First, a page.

There is no single entry point into the industry, however nowadays most people entering the profession will have some form of professional training at a drama school, typically Foundation Diplomas, Undergraduate or postgraduate qualifications in acting or performance.
However you don’t have to do a full-time drama degree to become a professional actor, for example the National Youth Theatre Rep Company (for aspiring actors aged 14-25) offers some free courses (ranging from 6 days to 9 months) and generous scholarships/bursaries. 20 Stories High in Liverpool and the Television Workshop based in Nottingham (for under 19s only) also offer free and/or reduced cost training to young aspiring actors. Most of the larger and more established drama schools also run short courses of varying lengths and you may find that doing one of these can help you develop specific skills.
Training (whether at a drama school or not) is essential to learn the necessary skills to stand out in a very competitive marking, most courses cover subjects such as acting, voice, movement, singing, stage combat, audition techniques etc – carefully check each course to see what they cover and if they offer training in the techniques you are interested in. Another added benefit of training is that institutions often offer exposure to and networking opportunities with professionals in the business, such as successful actors, producers, directors, casting agents and practical career guidance on how to best navigate the industry once you’ve completed your course.
How to choose your course
When choosing a course (regardless of length) detailed research is imperative. You need to be sure about what the course does (and does not) offer AND that the training will assist you in gaining the skills to be a competitive applicant in the sector. Also check what their alumni have done since graduation – are they working and/or doing the type of work that you are interested in?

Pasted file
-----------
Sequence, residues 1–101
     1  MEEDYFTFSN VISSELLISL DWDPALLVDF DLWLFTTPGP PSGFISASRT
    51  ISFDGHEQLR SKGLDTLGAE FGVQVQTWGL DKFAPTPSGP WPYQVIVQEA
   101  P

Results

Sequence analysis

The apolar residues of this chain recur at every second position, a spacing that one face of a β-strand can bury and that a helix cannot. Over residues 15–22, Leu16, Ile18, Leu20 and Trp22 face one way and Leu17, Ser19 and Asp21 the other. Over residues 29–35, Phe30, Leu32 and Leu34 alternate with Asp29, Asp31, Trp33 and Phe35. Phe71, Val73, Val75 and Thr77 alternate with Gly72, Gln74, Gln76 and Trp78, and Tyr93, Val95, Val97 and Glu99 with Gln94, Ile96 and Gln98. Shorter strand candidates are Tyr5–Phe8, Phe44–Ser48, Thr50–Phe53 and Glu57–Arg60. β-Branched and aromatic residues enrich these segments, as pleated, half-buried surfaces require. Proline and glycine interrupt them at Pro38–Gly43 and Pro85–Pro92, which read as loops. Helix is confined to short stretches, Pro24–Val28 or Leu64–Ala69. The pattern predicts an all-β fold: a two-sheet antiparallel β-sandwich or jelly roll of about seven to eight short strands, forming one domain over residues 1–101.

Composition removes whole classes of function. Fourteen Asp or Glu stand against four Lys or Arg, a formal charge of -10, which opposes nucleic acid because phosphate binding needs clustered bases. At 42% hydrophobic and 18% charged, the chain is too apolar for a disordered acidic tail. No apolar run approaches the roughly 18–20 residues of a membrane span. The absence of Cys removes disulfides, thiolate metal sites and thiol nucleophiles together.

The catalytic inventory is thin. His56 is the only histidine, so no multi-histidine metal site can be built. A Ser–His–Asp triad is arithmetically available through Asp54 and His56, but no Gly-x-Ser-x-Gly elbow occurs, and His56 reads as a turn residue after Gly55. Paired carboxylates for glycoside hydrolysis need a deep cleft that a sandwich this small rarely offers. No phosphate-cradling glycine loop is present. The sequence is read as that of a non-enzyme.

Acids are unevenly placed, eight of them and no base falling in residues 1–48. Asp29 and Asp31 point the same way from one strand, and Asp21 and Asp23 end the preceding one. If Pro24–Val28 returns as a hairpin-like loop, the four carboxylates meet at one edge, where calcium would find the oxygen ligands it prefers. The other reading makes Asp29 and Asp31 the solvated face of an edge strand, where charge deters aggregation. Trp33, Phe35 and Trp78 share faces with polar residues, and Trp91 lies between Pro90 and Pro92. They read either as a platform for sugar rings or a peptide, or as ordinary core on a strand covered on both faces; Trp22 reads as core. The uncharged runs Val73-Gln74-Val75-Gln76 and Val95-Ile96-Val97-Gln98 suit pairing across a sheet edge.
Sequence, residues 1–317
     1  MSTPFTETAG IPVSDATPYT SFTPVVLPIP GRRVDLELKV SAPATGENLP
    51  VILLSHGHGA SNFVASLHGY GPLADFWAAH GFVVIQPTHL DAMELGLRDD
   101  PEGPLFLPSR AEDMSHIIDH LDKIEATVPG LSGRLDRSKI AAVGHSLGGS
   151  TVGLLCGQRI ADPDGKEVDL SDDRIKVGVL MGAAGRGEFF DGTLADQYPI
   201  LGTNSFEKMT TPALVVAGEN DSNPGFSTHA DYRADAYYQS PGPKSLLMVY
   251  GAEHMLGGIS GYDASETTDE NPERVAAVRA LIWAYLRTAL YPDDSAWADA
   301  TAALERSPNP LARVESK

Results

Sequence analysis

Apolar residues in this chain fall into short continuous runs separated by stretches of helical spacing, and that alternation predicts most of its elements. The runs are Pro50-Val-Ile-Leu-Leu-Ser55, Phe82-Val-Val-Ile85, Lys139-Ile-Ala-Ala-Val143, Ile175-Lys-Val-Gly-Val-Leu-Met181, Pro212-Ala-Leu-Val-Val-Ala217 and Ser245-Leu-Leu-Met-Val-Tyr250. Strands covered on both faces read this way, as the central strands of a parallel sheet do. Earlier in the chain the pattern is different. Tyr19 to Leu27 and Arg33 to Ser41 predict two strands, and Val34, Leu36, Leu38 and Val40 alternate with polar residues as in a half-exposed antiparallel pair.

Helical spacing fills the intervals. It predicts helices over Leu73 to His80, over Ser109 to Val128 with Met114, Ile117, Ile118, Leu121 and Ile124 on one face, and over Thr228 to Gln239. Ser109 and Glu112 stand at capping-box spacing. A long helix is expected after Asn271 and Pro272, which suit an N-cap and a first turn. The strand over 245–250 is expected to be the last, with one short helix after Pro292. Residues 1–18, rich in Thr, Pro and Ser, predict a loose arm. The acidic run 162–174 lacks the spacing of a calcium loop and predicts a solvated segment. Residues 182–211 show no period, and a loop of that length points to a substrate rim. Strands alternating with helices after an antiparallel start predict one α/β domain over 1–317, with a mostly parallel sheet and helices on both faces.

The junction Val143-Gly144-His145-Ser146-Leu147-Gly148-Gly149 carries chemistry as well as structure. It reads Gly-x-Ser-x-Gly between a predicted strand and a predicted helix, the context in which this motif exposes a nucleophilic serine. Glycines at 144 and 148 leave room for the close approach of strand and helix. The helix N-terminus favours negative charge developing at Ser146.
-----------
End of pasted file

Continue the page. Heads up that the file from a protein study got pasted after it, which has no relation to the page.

The drama school application process is rigorous and highly competitive, requiring a lot of work and detailed preparation. Many people are accepted into a drama school on their second or third attempt – so keep perservering if you’re not successful first time around. If your application isn’t successful, try to get detailed feedback on what you need to improve and focus on that before you apply again – there are a number of short courses which could help you develop specific skills (see list in “external sources” section below).
There are many drama schools in the UK, offering a range of course options, including new schools offering part time courses such as Identity School of Acting whose most famous alumnus is John Boyega (Star Wars: The Force Awakens, Detroit, Woyzeck – the Old Vic). There are also longer established schools such as RADA (Royal Academy of Dramatic Art) whose alumni include Tom Hiddleston (Thor: Ragnarok, Betrayal – Harold Pinter Theatre) and Cynthia Erivo (Widows, The Color Purple – Bernard B. Jacobs Theatre, New York) and the Bristol Old Vic Theatre School with alumni including Charlie Cox (Daredevil, Stardust, The Theory of Everything).
There will be a number of considerations you will need to take into account when deciding on a course, such as location, price, type of course and course content. The Federation of Drama Schools has a list of courses accredited by them and also career advice and tips for working in the industry.
Most people fund their own studies, either with savings or personal/bank loans, as government Student Loans are not available for all courses (however check with each institution). Most schools also have scholarship programmes, so it’s worth checking if you’re eligible.